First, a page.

Is the Death Penalty Dying? offers an analysis of the historical and political conditions that have shaped and continue to shape death penalty practices on both sides of the Atlantic from the end of World War II to the twenty-first century. This book focuses on what we can learn about the American death penalty and the prospects of its abolition by studying the European experience with capital punishment and especially the multifaceted trajectory of abolition in different European nations and the European Union. As a comparative sociology and history of the present, our book seeks to illuminate the way death penalty systems work and the way abolition occurs. It includes eleven chapters, written by an interdisciplinary group of scholars in the fields of law and literature, sociology and criminology, political science, and history from the United States and several European countries. This work shows how the death penalty has helped define the political and cultural identities of both Europe and the United States and will help readers understand the cultural and institutional barriers that stand in the way of abolition of the death penalty in America.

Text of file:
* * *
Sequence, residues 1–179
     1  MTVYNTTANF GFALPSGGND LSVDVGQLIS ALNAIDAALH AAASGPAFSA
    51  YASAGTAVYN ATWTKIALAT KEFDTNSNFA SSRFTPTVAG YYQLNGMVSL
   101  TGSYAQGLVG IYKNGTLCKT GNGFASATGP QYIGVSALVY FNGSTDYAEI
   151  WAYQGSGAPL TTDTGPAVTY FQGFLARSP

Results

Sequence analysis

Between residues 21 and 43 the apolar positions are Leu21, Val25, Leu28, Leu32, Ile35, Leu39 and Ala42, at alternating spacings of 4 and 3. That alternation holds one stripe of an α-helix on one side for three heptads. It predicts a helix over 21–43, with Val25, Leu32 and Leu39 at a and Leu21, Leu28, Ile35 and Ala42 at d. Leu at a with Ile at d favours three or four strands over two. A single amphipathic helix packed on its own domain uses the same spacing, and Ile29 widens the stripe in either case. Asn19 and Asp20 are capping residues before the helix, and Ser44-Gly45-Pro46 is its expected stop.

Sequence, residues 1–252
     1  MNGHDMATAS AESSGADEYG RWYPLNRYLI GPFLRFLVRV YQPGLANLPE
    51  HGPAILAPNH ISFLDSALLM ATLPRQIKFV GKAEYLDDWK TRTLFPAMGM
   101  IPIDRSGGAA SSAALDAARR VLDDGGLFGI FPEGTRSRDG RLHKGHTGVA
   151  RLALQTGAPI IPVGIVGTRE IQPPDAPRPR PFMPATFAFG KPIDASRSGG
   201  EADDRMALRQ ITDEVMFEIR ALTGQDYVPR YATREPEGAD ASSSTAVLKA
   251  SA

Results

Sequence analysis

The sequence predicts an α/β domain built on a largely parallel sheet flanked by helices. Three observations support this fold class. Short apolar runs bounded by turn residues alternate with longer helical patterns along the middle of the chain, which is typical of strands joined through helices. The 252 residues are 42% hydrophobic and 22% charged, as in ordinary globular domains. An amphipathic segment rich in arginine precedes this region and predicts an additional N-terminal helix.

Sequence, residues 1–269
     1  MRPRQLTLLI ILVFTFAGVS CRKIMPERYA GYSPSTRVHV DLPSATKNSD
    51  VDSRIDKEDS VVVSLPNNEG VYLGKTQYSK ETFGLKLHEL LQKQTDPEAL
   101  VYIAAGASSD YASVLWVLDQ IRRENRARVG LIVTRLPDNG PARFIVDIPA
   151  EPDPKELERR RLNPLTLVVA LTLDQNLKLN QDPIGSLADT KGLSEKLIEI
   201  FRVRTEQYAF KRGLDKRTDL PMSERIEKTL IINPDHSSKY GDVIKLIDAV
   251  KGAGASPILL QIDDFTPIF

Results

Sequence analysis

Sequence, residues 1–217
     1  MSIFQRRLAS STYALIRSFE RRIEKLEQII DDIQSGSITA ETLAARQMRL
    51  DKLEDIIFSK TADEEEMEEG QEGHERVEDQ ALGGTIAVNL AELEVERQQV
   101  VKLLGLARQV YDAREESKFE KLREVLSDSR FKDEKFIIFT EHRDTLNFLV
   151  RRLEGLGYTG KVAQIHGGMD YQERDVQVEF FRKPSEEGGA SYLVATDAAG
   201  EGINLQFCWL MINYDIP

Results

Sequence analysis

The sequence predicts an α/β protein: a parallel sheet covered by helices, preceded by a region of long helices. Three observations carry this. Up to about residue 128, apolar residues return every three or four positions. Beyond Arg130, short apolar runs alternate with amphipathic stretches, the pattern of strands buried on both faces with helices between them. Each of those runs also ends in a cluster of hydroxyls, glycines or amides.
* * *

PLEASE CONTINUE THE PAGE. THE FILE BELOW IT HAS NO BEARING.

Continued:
The United States is today the only retentionist country among the community of Western democracies. Indeed America finds itself in the company of countries such as China, Iran, Iraq, Pakistan, Saudi Arabia, and Sudan in its continuing use of state killing. Moreover, there is hardly any issue on which Europe and the United States seem as far apart as the death penalty.